The US ambassador to the United Nations has warned she is “taking names” of UN members who oppose Donald Trump’s recognition of Jerusalem as the capital of Israel.

In a letter to UN members, Nikki Haley said the US President took the issue personally and the names of those who supported a resolution rejecting the bill would be reported to him.

“As you consider your vote, I want you to know the president and the US take this vote personally,” she said.

She described Mr Trump’s decision to move the US embassy as “an acknowledgement that peace is best advanced … when all parties are honest with each other about the basic fact that Jerusalem has been the capital of Israel since the country’s founding”.

“The president will be watching this vote carefully and has requested I report back on those who voted against us,” she added.

In a Twitter post, she said: “At the UN we’re always asked to do more & give more.

“So, when we make a decision, at the will of the American ppl, abt where to locate OUR embassy, we don’t expect those we’ve helped to target us.

“On Thurs there’ll be a vote criticizing our choice. The US will be taking names.”

The 193-member UN general assembly, where there are no vetoes, will hold an emergency session on Thursday to vote on the latest resolution at the request of Turkey and Yemen.

The international community has broadly condemned Mr Trump’s decision to move the embassy, with Turkey describing it as “a deliberate undermining of all peace efforts”.

Earlier this week, the US was outnumbered 14 to 1 at a UN security council vote on a resolution calling on America to reverse its decision, but the nation used its veto to block the measure.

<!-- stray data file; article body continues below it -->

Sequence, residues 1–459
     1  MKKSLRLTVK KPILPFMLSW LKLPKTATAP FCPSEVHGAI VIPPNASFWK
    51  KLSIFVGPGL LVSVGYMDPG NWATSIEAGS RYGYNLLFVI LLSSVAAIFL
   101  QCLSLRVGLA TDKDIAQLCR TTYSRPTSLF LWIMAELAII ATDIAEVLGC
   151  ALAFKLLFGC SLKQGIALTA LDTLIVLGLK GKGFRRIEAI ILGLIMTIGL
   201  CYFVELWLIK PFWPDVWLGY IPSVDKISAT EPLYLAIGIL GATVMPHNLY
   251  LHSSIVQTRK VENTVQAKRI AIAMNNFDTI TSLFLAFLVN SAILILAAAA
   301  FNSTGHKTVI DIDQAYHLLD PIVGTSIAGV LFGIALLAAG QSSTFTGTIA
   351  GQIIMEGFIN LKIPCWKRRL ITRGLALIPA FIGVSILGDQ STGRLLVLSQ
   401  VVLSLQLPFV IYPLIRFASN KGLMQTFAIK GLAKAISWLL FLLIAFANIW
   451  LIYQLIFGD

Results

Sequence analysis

Ms Haley described the 14-1 vote as an “insult”, warning: “It won’t be forgotten”.

Israeli Prime Minister Benjamin Netanyahu thanked Ms Haley and Mr Trump for the veto in a video posted on his Facebook page, in which he said the US Ambassador “lit a candle of truth” and dispelled “lies”.

A spokesman for Palestinian President Mahmoud Abbas said the veto “threatens the stability of the international community because it disrespects it”.

Britain was among the nations that supported the resolution and Downing Street said Theresa May restated her disagreement with Mr Trump’s decision after the vote during a phone call with Turkish President Recep Tayyip Erdogan.

“The Prime Minister reiterated that the UK disagreed with the decision and believed it to be unhelpful in terms of prospects for peace in the region,” a No 10 spokesperson said.

She added that the status of Jerusalem should be determined in a negotiated settlement between the Israelis and the Palestinians, and that Jerusalem should ultimately form a shared capital between the Israeli and Palestinian states.

The Palestinian Ambassador Riyad Mansour, said said he hopes for “overwhelming support” at Thursday’s general assembly vote.

Israel considers Jerusalem its indivisible capital and wants all embassies based there, while Palestinians want the capital of an independent Palestinian state to be in the city’s eastern sector, which Israel annexed in a 1967 war.